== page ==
Big Things, Stress, and Last Minute Masterpieces

Big Things, Stress, and Last Minute Masterpieces

It’s been a good minute since my last update, and things have gotten insane, for lack of a better word. I’ve booked the Airbnb for the Semester in LA, which means that it’s officially time to work on getting our internships!

What happens, is that we each have to write a short biography about ourselves and two excerpts of our absolute best work. The composers we wish to intern with are then sent to a page that has all of this information where they listen and read for themselves and decide whether or not they want to take us on as interns. So, whatever we submit has to be absolute top notch.

In good news, one of the most recent films I’ve worked on got into the Nevada Women’s Film Festival!

I planned to use my piece “Call of the Blood Moon” for sure, since that’s an award winning piece. However, I wanted to use a piece that was still in progress for the second. It has a ton of odd-metered vocal chants that go to picture in a horror film I’m working on. But with the weather being awful the past few weeks and everyone being busy, I couldn’t get what I needed recorded for that piece.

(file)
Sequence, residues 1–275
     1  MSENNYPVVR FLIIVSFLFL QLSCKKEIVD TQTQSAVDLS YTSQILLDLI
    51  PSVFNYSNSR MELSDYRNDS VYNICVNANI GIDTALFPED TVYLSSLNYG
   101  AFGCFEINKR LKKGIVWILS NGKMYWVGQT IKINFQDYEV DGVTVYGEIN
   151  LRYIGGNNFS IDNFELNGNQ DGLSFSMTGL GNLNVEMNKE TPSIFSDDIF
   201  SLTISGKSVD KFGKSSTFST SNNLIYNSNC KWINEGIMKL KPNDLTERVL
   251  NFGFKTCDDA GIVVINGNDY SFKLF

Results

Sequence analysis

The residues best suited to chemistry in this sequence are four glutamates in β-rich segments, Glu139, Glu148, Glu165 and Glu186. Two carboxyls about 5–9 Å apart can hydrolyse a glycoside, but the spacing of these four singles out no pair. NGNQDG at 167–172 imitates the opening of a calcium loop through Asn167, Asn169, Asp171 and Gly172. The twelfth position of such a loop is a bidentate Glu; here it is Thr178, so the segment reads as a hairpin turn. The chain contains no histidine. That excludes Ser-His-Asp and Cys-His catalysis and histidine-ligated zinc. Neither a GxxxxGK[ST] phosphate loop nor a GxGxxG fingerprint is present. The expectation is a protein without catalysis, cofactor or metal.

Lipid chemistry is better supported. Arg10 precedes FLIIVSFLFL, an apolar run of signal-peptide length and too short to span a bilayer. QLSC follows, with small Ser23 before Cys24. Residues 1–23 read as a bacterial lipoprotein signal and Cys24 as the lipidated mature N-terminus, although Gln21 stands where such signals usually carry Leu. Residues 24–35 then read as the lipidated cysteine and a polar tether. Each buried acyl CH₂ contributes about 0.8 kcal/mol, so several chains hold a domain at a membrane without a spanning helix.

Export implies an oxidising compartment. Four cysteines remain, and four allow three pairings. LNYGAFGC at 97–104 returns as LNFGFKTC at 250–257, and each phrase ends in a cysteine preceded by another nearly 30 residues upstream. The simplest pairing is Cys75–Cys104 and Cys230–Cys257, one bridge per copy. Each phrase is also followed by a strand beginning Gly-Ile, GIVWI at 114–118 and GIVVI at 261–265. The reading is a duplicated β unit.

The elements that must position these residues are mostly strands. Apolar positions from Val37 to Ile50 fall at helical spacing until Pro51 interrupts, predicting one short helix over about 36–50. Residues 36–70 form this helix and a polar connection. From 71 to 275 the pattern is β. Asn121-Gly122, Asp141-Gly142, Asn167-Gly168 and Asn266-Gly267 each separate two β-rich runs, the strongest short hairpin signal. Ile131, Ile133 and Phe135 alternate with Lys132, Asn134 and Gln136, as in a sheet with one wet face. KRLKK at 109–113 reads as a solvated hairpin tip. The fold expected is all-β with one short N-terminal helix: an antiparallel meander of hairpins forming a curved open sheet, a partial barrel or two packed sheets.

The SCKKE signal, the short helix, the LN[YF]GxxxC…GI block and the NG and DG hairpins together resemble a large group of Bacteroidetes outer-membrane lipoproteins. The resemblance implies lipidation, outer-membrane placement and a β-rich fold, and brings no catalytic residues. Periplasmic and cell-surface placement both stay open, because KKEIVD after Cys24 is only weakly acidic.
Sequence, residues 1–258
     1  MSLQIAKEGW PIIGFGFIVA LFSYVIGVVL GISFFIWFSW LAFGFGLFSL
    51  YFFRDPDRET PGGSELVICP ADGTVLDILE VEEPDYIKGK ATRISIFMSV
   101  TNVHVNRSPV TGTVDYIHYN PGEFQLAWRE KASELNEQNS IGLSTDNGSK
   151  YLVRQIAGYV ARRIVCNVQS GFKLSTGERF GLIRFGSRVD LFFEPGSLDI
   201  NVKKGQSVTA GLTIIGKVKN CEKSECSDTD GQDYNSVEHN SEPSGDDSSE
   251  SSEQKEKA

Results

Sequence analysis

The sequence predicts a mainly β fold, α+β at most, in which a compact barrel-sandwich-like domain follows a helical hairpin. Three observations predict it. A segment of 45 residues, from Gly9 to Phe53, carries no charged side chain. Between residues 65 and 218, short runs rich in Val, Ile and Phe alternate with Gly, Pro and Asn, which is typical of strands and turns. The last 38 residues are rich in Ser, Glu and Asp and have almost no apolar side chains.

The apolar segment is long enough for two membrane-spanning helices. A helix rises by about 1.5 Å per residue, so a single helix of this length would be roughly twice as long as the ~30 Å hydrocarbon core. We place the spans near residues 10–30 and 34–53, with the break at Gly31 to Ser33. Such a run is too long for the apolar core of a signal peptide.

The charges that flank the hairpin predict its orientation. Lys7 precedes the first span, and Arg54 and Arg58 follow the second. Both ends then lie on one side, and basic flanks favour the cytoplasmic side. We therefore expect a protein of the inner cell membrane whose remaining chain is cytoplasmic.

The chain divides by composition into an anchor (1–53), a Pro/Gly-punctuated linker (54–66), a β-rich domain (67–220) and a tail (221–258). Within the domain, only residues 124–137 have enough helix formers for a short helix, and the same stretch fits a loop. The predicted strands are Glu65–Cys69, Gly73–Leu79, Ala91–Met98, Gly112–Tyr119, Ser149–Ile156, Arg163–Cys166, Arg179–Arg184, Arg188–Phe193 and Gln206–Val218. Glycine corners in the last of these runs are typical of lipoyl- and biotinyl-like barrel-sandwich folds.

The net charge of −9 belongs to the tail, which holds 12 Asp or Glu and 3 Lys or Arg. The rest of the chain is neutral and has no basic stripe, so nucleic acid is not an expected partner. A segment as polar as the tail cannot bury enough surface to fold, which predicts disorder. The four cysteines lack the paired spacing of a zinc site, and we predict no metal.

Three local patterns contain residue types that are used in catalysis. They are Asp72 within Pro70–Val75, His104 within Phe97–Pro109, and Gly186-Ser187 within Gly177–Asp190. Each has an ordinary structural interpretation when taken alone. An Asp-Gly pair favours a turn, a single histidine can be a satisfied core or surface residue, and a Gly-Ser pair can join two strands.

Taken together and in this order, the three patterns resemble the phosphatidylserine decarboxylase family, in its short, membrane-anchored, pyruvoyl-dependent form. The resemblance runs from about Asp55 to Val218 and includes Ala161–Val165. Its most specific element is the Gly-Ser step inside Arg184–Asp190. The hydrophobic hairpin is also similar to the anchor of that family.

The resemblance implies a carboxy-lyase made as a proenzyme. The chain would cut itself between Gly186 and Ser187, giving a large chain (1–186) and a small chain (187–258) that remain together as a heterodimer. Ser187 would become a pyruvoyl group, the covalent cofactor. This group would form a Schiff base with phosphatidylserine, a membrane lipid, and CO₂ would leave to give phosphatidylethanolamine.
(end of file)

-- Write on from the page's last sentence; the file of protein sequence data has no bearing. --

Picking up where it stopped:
So there I was, down one piece and not wanting to use anything I had previously done. I didn’t have anything that truly represented my entire voice as a composer in my works from the past year, and I wanted a piece that evoked the horror style I love so much, but also showed off how I write. I had a decision to make. Do I use my super intense metal/electronic/orchestral hybrid cue from last year, or do I write something entirely new, amazing, well written, well orchestrated, and produced to the utmost professional standards that are expected?

I chose the latter. For two entire days. I did absolutely nothing but work on that one piece from scratch, knowing it had to be perfect and up to my standards. I concept created for a solid twelve hours, rebuilt my orchestral template, and got a brand new mix happening with 80 more tracks in the session than was there before. I sent every iteration off to friends and colleagues, and got some process-changing advice from my classmate Andrew Byars, who I absolutely trust with my music. And after many, many revisions, I had something worth putting out.

I submitted on Wednesday night a piece of music that I can absolutely call my own that seriously represents my voice as a composer.

I guess the moral of the story is that nothing worth doing is risk-free. Take your chances, push your limits, you’ll only grow from them.

Until next time

– Chris